“Is it you who has done this to our gods, O Ibrahim?” (Quran 21:62)
But Ibrahim had left the largest idol untouched for a reason:
“He said: ‘But this, their chief has done it.  So question them, if they can speak!’”(Quran  21:63)
When Ibrahim so challenged them, they were cast into confusion.  They blamed each other for not guarding the idols and, refusing to meet his eyes, said:
“Indeed you know well these speak not!”(Quran 21:65)
So Ibrahim pressed his case.
“He said: ‘Worship you then instead of God that which cannot profit you at all, nor harm you?  Fie on you and all that you worship instead of God!  Have you then no sense?’”(Quran 21:67)
The accusers had become the accused.  They were accused of logical inconsistency, and so had no answer for Ibrahim.  Because Ibrahim’s reasoning was unanswerable, their response was rage and fury, and they condemned Ibrahim to be burned alive,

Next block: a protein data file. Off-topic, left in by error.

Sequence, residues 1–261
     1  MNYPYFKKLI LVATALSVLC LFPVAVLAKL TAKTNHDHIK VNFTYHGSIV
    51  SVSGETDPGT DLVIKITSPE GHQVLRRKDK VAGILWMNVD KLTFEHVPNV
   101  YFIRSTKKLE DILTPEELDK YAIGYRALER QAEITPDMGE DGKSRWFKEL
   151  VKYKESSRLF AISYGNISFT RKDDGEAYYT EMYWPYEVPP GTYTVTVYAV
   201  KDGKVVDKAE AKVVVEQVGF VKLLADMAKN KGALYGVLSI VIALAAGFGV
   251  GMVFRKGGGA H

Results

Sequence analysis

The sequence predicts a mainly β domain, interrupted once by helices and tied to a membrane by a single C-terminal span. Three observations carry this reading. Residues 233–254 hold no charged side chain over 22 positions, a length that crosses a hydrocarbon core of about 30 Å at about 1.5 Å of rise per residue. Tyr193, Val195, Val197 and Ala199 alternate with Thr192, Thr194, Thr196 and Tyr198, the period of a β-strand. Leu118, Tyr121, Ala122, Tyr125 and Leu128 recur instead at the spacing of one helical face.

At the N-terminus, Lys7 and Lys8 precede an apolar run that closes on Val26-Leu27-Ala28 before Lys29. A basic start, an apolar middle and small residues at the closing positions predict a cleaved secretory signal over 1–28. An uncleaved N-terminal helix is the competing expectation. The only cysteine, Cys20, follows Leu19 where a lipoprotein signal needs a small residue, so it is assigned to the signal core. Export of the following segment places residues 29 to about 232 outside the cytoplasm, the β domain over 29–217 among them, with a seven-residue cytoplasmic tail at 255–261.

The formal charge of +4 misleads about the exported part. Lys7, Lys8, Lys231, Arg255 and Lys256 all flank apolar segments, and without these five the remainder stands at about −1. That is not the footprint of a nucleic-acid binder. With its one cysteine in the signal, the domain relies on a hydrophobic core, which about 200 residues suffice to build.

“Build for him a building and fling him in the red hot fire.” (Quran 37:97)
The townspeople all helped in gathering wood for the fire, until it was the largest fire they had ever seen.  The young Ibrahim submitted to the fate chosen for him by the Lord of the Worlds.  He did not loose faith, rather the trial made him stronger.  Ibrahim did not flinch in the face of a fiery death even at this tender age; rather his last words before entering it were,
“God is sufficient for me and He is the best disposer of affairs.” (Saheeh Al-Bukhari)
Here again is an example of Ibrahim proving true to the trials he faced.  His belief in the True God was tested here, and he proved that he was even prepared to surrender his existence to the call of God.  His belief was evidenced by his action.